In high school and below, I was a voracious reader. In college, I found that I read so much for classes that I no longer wanted to read for pleasure. I got out of the habit. In my late 20’s, I started reading more consistently once again, but never as ravenously as before. That’s life. I spent most of 2018 and 2019 reading The Dark Tower series by Stephen King, all while amassing an ever-increasing backlog of books to catch up on.
Jonathan Strange and Mr. Norrell is, along with The Color of Magic and a dozen other titles, one part of a swath of used books I picked up as part of a vague mission to catch up on modern fantasy classics from the last couple of decades. I had high expectations of this one, and it managed to exceed them all.
By sheer coincidence, this review is timely. Sixteen years after her debut novel, Ms. Clarke’s second work, Piranesi, will be released in September 2020, next month at the time of this writing. You can read about that at The Guardian or EW.
Title: Jonathan Strange and Mr. Norrell
Author: Susanna Clarke
Genre: Fantasy, Alternative History, Mystery
Publisher: Bloomsbury, 2004
England was once home to many powerful magicians and had a close relationship with the realm of fairies. Some time around the 1600s, a good two centuries before the events of our tale, magic disappeared from England. What happened to it is a great mystery, and its restoration is Mr. Norrell’s life’s work. A quiet, studious man, he is ill-suited to navigate London politics, the Napoleonic Wars, and the ever-growing flames of excitement for magic which demands his attention. Mr. Norrell eventually takes an apprentice, Jonathan Strange, who develops bolder views of magic which clash with his master’s conservative approach.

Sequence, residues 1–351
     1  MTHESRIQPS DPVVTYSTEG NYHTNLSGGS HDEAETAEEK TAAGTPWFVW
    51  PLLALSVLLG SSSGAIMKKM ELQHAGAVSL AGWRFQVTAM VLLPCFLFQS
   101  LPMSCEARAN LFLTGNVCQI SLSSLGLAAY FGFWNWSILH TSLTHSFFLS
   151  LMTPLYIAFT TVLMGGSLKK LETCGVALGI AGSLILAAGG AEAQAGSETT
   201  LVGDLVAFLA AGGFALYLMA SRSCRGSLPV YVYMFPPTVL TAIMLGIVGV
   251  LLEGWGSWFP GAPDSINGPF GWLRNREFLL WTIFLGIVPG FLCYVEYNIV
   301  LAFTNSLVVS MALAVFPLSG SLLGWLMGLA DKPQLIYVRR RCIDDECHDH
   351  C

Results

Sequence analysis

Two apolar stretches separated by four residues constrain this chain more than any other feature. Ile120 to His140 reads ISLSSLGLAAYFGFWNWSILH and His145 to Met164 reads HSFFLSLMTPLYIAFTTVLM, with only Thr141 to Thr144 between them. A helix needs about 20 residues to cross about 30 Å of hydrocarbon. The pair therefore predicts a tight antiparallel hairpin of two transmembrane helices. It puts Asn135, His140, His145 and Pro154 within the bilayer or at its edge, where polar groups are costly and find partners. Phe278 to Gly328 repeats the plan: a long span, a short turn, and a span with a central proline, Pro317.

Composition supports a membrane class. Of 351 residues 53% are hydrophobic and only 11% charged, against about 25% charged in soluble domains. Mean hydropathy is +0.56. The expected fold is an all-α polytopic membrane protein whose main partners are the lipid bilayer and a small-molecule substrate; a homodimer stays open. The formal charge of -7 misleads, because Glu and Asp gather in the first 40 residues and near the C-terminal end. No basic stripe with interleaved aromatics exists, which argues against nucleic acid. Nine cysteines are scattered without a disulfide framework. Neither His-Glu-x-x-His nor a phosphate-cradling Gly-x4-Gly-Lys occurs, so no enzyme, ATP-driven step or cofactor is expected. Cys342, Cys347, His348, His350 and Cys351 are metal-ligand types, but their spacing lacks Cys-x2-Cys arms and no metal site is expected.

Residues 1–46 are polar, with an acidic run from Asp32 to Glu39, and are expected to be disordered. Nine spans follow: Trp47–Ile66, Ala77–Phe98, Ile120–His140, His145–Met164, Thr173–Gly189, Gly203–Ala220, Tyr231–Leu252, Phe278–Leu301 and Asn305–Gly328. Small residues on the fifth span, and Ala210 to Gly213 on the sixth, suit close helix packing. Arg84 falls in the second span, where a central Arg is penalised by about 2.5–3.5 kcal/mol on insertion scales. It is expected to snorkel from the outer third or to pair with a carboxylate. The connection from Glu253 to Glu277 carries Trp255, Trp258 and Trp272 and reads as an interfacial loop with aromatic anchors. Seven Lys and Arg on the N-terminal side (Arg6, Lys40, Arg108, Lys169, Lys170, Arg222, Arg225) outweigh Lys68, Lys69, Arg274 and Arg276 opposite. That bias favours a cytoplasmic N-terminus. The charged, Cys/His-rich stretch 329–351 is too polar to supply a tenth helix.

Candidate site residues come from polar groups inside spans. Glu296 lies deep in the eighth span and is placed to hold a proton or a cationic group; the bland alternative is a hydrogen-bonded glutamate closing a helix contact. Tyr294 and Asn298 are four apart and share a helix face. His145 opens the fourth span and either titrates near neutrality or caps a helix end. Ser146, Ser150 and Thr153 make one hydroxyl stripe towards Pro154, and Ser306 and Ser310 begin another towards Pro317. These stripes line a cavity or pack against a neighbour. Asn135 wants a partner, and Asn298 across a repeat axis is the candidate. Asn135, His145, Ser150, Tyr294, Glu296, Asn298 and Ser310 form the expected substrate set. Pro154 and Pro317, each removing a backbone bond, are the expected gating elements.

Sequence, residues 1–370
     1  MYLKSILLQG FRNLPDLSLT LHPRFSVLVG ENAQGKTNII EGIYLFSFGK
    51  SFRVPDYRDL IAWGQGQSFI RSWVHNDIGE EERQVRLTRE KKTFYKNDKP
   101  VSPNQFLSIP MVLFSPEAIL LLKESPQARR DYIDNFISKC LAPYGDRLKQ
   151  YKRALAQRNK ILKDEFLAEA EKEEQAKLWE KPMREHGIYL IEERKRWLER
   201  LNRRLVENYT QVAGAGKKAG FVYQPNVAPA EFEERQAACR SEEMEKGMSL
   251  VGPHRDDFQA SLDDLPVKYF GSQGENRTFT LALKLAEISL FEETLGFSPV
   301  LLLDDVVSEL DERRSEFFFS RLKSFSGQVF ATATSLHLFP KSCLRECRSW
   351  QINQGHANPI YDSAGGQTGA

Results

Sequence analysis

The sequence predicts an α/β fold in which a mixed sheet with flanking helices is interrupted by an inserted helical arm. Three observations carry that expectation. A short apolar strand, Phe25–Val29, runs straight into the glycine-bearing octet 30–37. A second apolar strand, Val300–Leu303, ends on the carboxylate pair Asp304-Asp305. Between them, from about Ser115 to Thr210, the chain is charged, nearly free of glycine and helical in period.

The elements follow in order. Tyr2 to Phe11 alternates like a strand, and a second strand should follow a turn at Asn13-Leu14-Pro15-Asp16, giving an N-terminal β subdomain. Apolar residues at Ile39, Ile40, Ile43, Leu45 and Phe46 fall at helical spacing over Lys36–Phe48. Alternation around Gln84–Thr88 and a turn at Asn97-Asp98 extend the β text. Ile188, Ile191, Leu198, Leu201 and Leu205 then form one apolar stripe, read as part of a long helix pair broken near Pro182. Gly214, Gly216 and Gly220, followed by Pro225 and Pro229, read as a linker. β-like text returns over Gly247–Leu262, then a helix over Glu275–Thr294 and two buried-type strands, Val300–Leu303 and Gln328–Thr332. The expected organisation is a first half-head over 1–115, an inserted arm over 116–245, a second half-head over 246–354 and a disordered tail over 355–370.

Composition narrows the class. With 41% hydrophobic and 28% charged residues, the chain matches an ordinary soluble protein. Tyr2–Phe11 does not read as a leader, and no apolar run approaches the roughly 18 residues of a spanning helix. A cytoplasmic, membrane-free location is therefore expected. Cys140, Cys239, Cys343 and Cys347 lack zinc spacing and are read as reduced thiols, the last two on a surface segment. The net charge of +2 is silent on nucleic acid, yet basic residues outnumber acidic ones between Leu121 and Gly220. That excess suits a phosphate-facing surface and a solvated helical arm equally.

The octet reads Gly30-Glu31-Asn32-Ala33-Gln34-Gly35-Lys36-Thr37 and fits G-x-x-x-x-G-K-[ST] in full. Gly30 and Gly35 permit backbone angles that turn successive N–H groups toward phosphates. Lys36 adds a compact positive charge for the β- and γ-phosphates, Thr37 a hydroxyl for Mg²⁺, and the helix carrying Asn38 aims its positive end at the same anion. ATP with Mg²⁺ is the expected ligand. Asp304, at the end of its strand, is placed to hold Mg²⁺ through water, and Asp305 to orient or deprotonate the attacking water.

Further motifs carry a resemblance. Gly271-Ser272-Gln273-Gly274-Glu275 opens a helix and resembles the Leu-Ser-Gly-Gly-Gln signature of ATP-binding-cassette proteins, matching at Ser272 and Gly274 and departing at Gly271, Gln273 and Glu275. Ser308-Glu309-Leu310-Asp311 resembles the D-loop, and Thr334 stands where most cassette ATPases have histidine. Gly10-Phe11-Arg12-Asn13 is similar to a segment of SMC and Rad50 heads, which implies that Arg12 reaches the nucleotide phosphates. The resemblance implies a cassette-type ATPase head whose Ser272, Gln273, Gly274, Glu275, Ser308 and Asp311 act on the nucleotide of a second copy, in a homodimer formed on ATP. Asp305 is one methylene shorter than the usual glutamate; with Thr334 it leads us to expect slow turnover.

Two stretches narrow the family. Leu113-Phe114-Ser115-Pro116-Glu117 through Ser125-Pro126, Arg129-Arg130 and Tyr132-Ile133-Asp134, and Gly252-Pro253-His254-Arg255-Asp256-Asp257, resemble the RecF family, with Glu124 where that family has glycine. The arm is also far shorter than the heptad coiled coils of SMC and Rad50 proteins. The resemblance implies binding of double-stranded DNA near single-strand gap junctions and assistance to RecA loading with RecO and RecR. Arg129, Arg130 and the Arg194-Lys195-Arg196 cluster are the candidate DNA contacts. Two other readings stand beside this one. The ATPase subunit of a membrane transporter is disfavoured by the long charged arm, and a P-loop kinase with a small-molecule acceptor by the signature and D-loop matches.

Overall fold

All the while, dark forces both magical and mundane seek to ruin the magicians’ lives.
Why this book might be for you:
This might sound like an insult, but I mean it as the highest complement – this is the most engaging slow book that I have ever read. At over 800 pages in the second-edition printing, Ms. Clarke takes her time, but skillfully keeps the reader turning the pages. She employs dramatic irony to walk an impressive line between her omniscient narrator (which can tend to ruin mystery) and the story’s drama. We know what’s coming, but sit helplessly screaming at the page as the characters walk cheerfully to their doom. She does an excellent job of sucking the reader into the character’s inner life so that even the smallest action carries great emotional weight.
Norrell has a delightfully clever dry wit. If you’ve ever laughed at Jane Austen, you’ll enjoy this book.
This book is a step beyond merely entertaining. Its subtle yet poignant lampooning of gender roles, bureaucracy, along with the nature of progress, purpose, and fulfilment kept me thinking long after the book was closed. I am tweaking the release schedule of this blog so that I can release an essay inspired by this book on the next book-review-Tuesday after this post goes live.
Why this book might not be for you:
Norrell is written in a period voice. If that bothers you, this might not be the book for you. As mentioned above, although it is well-paced, it is long. If you prefer a more action-oriented, punchy tale, save yourself the frustration and move along.
Where can you find more?